Tribe finishes Chicken Coop, Highway 101 project

Tribe finishes Chicken Coop, Highway 101 project

BLYN — A U.S. Highway 101 safety project 10 years in the making — and five months in construction — is complete.

The final touches for the Chicken Coop-Zaccardo Intersection Improvements Project were finished in mid-December, the Jamestown S’Klallam Tribe announced last week, the culmination of a decade-long effort in planning, design, permitting and construction to help reduce potential safety hazards in a stretch of highway adjacent to tribal land in Blyn.

“This project is intended to contribute to the highway safety for the community as they use these roads to access their homes in the area, as well as tribal program access,” Tribal Chairman W. Ron Allen said.

In partnership with state Department of Transportation and Clallam County, the Jamestown S’Klallam Tribe oversaw the consolidation of two access points into one starting in July.

The two closely spaced Chicken Coop Road intersections at milepost 271.59 were combined into one realigned intersection onto Highway 101.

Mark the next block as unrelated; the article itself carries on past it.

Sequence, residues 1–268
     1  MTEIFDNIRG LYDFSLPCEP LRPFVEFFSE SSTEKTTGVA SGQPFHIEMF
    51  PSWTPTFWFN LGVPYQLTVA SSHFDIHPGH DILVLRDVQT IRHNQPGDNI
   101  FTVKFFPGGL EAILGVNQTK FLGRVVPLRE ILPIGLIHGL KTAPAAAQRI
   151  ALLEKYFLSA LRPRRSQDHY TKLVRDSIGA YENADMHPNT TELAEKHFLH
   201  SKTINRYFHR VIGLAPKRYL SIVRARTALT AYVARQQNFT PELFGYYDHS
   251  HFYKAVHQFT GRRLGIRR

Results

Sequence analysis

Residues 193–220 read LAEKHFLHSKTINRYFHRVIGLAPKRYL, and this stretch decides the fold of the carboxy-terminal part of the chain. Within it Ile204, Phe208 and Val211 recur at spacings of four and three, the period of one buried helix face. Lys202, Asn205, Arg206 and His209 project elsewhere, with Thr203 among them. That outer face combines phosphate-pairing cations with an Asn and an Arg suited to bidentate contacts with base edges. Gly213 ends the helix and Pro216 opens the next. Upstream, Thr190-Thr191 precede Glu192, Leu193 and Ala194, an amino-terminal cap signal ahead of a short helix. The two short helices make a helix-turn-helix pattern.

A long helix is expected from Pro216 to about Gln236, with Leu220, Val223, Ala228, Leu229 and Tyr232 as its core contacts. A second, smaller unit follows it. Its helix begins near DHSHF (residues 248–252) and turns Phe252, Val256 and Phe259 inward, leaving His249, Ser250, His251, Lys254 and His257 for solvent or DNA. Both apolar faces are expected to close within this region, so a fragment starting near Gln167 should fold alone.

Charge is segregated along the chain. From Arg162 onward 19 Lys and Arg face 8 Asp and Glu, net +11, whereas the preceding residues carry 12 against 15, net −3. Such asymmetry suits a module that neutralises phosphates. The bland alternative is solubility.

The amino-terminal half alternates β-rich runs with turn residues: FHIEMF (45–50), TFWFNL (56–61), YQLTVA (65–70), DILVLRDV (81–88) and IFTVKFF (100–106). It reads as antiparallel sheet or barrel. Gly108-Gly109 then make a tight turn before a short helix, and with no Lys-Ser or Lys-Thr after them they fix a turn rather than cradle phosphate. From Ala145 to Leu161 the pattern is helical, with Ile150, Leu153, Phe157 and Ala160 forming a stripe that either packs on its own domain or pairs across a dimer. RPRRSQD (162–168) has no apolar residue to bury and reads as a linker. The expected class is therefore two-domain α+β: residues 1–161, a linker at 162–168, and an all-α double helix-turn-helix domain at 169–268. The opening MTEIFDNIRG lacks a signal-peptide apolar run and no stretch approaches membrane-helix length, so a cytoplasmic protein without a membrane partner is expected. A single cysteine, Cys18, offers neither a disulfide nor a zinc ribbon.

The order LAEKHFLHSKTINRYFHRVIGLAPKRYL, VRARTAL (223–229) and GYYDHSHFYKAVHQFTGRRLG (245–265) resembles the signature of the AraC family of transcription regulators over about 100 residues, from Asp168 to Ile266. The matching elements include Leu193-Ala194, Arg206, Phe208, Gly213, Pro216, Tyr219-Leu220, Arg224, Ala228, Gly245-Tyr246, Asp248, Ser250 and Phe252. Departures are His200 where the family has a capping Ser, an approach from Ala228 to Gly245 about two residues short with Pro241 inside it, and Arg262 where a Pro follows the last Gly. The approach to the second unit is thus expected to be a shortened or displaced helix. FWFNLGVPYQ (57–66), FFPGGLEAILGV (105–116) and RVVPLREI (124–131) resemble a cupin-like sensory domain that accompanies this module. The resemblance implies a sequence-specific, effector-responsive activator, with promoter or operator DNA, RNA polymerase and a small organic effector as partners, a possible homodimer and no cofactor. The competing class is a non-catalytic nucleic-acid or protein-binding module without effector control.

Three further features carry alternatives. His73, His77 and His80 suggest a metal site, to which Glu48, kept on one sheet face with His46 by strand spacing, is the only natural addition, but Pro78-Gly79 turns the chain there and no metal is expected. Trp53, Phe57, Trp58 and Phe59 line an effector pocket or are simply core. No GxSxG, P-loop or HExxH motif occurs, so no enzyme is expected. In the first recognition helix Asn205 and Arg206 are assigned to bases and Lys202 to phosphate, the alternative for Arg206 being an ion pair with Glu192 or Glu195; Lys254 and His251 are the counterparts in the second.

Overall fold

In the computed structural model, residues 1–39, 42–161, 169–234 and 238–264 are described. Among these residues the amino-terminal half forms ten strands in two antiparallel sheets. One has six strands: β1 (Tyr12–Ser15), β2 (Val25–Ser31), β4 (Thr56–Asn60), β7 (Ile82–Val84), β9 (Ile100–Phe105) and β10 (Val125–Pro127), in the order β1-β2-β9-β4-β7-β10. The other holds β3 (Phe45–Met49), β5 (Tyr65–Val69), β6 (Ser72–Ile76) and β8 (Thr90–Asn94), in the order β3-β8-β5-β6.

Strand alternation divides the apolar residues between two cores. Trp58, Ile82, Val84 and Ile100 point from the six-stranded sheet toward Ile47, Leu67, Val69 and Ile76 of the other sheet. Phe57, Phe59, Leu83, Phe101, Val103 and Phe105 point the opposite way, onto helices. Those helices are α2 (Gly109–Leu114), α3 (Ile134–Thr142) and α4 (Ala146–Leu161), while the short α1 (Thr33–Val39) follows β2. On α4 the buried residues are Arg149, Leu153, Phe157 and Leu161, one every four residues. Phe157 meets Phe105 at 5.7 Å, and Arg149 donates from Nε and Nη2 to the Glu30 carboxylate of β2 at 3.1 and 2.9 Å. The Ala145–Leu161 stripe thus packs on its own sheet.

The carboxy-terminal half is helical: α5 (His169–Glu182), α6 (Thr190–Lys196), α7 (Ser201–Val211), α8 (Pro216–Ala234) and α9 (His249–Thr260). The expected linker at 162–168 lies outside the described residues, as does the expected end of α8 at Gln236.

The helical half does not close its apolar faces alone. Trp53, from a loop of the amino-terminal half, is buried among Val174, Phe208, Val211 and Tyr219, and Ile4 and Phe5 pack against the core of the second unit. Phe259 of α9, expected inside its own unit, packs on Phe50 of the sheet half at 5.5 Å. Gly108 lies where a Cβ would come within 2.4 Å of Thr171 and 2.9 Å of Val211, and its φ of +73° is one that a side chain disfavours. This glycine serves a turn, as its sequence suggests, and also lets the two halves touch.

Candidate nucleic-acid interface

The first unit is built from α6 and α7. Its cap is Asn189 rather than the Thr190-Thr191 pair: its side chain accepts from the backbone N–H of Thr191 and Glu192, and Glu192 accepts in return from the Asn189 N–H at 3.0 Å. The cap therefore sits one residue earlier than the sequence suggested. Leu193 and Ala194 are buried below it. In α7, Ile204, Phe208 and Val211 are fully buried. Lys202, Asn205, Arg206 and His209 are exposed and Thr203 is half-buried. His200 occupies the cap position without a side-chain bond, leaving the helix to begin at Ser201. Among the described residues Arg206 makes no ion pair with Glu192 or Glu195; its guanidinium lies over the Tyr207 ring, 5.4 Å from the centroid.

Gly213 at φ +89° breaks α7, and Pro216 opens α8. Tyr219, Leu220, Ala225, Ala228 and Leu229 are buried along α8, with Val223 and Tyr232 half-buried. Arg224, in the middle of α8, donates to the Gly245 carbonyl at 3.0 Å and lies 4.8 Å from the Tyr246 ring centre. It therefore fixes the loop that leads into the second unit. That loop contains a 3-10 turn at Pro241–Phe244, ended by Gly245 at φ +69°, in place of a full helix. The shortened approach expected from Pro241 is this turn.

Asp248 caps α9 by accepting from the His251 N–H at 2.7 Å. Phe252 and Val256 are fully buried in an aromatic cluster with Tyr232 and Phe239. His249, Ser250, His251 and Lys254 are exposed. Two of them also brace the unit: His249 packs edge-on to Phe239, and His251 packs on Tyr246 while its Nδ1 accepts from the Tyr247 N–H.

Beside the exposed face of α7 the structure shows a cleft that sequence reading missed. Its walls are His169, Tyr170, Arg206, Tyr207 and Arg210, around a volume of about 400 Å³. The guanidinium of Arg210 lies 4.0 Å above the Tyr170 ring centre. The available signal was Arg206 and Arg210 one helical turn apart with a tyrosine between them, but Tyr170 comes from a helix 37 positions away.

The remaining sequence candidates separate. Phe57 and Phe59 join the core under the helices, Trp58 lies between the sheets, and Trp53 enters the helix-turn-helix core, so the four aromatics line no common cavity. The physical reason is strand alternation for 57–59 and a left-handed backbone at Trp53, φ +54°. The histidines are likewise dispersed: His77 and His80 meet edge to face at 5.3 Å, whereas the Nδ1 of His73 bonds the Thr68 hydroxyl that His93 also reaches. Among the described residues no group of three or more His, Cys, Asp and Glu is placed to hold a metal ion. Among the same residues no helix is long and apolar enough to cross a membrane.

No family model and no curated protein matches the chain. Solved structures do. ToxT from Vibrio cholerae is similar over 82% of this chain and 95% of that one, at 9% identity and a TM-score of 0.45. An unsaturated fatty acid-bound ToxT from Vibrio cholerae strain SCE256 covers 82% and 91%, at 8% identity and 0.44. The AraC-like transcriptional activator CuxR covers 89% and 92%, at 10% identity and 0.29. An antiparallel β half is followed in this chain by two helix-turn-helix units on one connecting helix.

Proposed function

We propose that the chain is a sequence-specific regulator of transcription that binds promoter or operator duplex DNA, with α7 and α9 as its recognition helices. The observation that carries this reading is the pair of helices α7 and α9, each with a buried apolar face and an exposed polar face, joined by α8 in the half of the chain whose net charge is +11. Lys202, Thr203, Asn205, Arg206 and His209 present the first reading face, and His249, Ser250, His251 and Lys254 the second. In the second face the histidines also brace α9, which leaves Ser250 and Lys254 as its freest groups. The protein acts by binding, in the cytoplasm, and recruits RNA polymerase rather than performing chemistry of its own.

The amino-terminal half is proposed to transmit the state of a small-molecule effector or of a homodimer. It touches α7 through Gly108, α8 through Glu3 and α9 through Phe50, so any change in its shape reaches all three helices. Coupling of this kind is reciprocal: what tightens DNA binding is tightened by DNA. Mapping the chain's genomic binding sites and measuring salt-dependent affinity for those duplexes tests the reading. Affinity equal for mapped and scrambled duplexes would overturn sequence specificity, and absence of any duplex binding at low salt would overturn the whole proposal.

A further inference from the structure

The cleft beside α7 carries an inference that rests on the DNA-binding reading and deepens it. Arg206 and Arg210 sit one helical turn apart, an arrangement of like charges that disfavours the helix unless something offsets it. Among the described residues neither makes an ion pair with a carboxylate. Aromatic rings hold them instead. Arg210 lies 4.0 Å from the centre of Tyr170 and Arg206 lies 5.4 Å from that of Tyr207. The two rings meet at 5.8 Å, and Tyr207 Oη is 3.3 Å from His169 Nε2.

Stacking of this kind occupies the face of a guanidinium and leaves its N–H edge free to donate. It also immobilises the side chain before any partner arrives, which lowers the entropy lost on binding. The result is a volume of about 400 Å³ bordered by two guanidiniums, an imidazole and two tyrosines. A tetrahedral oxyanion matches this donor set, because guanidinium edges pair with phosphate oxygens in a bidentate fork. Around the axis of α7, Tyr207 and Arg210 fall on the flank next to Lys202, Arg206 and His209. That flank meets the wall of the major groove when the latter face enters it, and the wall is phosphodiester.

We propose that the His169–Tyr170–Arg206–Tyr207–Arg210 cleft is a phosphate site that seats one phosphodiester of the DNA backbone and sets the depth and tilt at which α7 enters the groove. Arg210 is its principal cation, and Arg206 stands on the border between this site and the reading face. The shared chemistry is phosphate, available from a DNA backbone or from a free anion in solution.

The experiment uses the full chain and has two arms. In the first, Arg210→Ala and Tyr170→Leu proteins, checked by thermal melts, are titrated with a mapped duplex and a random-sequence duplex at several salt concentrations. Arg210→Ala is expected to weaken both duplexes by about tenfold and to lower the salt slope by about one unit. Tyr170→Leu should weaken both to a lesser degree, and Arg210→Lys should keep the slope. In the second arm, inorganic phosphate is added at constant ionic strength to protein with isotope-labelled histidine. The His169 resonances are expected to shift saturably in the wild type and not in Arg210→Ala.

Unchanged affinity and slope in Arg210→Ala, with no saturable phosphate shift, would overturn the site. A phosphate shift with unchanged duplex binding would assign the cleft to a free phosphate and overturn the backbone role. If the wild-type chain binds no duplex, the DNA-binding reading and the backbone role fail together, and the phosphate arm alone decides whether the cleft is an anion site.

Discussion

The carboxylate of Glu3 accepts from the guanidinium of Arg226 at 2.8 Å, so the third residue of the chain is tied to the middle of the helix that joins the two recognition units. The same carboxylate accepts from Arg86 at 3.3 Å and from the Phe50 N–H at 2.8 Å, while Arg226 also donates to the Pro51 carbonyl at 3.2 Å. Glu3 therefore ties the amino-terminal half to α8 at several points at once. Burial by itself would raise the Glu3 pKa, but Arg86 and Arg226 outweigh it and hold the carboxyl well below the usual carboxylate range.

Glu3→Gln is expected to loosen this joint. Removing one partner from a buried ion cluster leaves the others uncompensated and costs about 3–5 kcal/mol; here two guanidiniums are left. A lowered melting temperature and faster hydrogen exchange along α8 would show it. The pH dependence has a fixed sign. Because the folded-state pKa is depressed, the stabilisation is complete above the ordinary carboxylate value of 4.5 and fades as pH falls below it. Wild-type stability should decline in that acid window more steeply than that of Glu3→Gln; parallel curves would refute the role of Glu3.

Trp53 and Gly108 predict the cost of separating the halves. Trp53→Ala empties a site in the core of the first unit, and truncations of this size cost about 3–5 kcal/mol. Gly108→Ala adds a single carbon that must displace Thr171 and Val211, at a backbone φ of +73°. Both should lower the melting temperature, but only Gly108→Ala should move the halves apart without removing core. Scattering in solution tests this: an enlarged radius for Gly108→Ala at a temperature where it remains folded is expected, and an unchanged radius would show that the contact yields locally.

The Zaccardo Road intersection was closed and realigned to intersect with Chicken Coop Road off the highway.

Other improvements to the Highway 101 section include a westbound left turn pocket to Chicken Coop Road, an acceleration lane for left turns out of Chicken Coop Road to westbound 101 and an eastbound right turn pocket into Chicken Coop Road.

Local utilities were relocated from overhead lines to underground lines through this stretch of highway, a move tribal officials say reduces the risk of wrecks caused by lines downed by storms or by vehicle collision with poles.

Environmental mitigation included the realignment and restoration of No Name Creek and wetland and stream buffer plantings. A wider, fish-passable concrete box culvert now carries No Name Creek under the new Zaccardo Road.

“The Tribe is honored to help in the growth and development of Blyn,” Allen said. “In this case, a transportation infrastructure project also allowed us to improve habitat conditions.”

Funding for construction of the project came from Jamestown S’Klallam Tribe (through annual allocation of Tribal Transportation funds and tribal discretionary funds), Federal Highway Administration and Clallam County.

Jamestown Excavating was the contractor, working with prime sub-contractor Lakeside Industries. Design and engineering work was done by Parametrix.

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Michael Dashiell is the editor of the Sequim Gazette of the Olympic Peninsula News Group, which also is composed of other Sound Publishing newspapers Peninsula Daily News and Forks Forum. Reach him at [email protected].

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